Plage de la Perle, Guadeloupe. Photograph: Alamy
Winning tip: Plage de la Perle, Guadeloupe
Guadeloupe consists of two islands, together shaped like a butterfly. Grande-Terre in the east is flat, with white-sand beaches, and resorts. Basse-Terre on the west is an active volcano – lush, mountainous and less populated. A turn off the road round Basse-Terre in the commune of Deshaies brings you to Plage de la Perle, an arc of golden sand. It is more intimate and laid back than its better-known neighbour Plage de Grande Anse. It is never busy, although it is a favourite with the locals at the weekend. Uprooted palm trees, driftwood and coral left behind by the surf make it feel like a castaway beach but there are a couple of beach bars under the palm trees.
Regular buses run from San José to the little town of Cahuita, in the south-eastern corner of Costa Rica. Through the village is Cahuita national park, which runs along the coast. Where the jungle stops, the beach and clear waters begin. A well-laid path winds through the forest, on to the beach, and back into the undergrowth again. Follow the sounds of howler monkeys, and watch them play in the tree tops, sit on the white sand, take a dip in the sea, then keep on walking. At the end of the trail (about 10km) is a wooden restaurant with a swimming pool and outdoor showers.
Jost Van Dyke, British Virgin Islands
This beach at Great Harbour is home to one of the BVI’s most famous entertainers – Foxy, known for his storytelling calypso songs and his non-PC jokes. His bar and restaurant (pictured) is a fixture on the charter yacht circuit. Every New Year’s Eve thousands of revellers join him for his famous “Old Year’s night” party, complete with cocktails, limbo dancing and fireworks. Foxy has travelled the world but has returned to his roots on the best beach in town!
Bayahibe beach, Dominican Republic
Bayahibe beach is simply beautiful, with white sand, rimmed by lush vegetation, gently sloping into the sea. Frigate birds soar across the wide skies and pelicans float over myriad sea life – perfect for the casual snorkel swimmer. As the sun goes down the scent of chargrilled lobster with fried plantains drifts in from the nearby village. The finest lobster isn’t found in the smart overpriced restaurants, but in turquoise shacks with barbecue pits out front.
Cayo Paredón, Cuba
On the north coast of Cuba, near popular Cayo Coco, is the tiny island of Cayo Paredón Grande. It has abundant birdlife, a charming lighthouse and a beach that stretches forever. Crystal-clear water? Check. Pristine white sand? Check. Facilities? None. There’s just wilderness and solitude.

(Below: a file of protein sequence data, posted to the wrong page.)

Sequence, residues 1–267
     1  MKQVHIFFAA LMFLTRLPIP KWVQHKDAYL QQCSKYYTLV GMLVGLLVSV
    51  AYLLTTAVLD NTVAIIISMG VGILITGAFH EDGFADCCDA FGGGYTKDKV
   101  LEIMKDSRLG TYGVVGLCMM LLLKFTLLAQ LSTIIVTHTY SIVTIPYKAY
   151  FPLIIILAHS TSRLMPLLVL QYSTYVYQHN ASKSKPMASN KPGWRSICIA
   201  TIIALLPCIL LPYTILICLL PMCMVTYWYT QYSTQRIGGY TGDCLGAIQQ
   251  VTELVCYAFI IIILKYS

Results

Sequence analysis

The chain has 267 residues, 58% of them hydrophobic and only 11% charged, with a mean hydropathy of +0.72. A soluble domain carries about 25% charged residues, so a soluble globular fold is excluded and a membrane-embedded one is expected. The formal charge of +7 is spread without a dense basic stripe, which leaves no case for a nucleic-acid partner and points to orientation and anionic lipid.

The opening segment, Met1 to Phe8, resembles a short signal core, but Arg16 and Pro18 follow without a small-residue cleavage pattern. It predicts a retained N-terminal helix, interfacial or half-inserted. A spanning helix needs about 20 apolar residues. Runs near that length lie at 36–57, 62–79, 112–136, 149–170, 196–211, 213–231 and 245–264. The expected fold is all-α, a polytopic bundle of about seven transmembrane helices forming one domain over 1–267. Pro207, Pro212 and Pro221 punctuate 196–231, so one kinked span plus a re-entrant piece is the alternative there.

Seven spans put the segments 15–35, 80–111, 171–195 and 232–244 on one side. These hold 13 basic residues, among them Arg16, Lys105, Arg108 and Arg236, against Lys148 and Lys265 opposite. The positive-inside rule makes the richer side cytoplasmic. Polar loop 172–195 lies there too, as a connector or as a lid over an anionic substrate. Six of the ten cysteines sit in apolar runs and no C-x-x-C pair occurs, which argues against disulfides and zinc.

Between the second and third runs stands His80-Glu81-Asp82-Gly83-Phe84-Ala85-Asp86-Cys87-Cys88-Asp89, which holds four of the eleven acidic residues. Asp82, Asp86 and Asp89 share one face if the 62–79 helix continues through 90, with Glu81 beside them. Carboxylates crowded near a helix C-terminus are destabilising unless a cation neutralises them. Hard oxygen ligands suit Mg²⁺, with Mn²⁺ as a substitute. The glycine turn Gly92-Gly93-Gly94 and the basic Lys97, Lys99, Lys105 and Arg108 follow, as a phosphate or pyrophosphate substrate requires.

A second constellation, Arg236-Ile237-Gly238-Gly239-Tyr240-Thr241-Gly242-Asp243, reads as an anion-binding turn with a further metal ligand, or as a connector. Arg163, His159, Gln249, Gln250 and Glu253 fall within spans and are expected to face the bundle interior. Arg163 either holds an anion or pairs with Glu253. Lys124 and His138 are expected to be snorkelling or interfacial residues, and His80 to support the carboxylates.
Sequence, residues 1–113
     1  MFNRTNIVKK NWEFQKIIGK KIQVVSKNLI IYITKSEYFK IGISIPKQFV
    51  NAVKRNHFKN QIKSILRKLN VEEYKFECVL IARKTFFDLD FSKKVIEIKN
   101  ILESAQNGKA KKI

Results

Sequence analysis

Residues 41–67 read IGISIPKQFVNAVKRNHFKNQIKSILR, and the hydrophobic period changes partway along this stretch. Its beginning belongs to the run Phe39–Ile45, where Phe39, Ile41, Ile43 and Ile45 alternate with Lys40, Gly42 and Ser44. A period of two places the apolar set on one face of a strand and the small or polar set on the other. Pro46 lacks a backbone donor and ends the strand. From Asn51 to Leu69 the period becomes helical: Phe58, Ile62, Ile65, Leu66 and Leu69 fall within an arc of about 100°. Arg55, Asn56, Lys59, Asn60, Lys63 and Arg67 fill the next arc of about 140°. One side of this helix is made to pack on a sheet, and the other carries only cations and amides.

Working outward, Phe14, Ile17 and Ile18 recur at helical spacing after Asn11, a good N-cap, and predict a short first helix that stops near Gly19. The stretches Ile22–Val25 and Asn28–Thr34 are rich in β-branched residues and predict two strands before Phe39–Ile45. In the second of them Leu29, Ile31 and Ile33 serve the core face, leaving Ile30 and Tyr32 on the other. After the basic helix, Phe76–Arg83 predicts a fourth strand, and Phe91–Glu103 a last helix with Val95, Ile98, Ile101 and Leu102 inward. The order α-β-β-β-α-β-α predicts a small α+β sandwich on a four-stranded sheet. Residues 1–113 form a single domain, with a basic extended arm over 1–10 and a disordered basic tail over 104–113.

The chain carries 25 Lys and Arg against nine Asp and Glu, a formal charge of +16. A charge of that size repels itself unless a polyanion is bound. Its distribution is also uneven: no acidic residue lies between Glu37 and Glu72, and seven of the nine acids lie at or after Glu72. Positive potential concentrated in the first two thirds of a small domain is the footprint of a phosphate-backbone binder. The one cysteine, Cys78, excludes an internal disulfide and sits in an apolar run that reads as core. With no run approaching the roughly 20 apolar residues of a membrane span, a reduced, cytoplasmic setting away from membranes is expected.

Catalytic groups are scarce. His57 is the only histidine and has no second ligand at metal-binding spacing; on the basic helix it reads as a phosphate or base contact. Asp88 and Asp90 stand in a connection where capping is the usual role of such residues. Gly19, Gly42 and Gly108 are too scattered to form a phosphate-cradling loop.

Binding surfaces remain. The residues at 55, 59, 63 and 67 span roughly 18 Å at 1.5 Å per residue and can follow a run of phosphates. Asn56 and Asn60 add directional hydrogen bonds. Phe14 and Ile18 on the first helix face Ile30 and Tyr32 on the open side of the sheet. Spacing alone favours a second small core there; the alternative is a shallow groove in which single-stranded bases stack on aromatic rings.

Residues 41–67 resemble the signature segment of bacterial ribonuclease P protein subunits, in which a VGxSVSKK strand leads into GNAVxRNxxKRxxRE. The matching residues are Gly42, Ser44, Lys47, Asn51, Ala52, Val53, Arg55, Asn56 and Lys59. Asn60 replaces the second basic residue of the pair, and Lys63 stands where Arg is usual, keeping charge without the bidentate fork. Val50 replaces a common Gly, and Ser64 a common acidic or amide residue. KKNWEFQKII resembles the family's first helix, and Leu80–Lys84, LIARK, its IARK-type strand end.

Maracas beach, Trinidad
The drive through mountains to Maracas gears up the anticipation, so that with your first view of the sea you already feel peace of mind. Make it a priority to try the street food known as bake and shark. The deep-fried shark, served in fried bread, comes with an array of condiments – from lettuce and tomato, to my favourite: fresh pineapple slices, mango salsa, a dash of scotch bonnet pepper sauce and tamarind sauce. It’s the sort of delicacy that it’s worth driving to the beach for even when it’s raining.
Pirate’s Bay, Tobago
Tobago is blessed with many beautiful beaches but Pirate’s Bay stands out. On the quieter northern side of the island, it is a 10-minute walk from the village of Charlotteville. Make your way along a dirt track and through coconut trees until the horseshoe shape of a bay appears. Remarkably, for such beauty, the white sands are often empty apart from the odd local selling mangoes.
Pigeon Point, Tobago
This unbelievable beach is a stone’s throw from the airport, which means you could walk to paradise with wheelie luggage in tow. Many travellers have been left breathless trying to photograph the electric sunsets. But Pigeon Point’s true beauty is that it is a beach for everyone. On any day, one can see couples canoodling in the waves, local families sharing pots of home-cooked lunch under thatched huts, friends sharing cold beers by a bar and adventure seekers stand-up paddle boarding in the bay.
The best beach I have ever been to: pure white sand and turquoise sea. Bars and restaurants next to the beach serving cocktails at sunset. It was peaceful – with only a handful of tourists. The best thing about this beach was the sunset at the end of the day and watching the fishing boats returning – paradise.
Nisbet Plantation beach club, Nevis
There is a permanent breeze at Nisbet, on the north side of Nevis, and it’s a lovely plantation with a wonderful avenue of coconut trees. Three great ways of dining and zingy cocktails that have never disappointed. Cute little rooms in the grounds make it very romantic.
+1 869 469 9325, nisbetplantation.com, half-board doubles from $ 415
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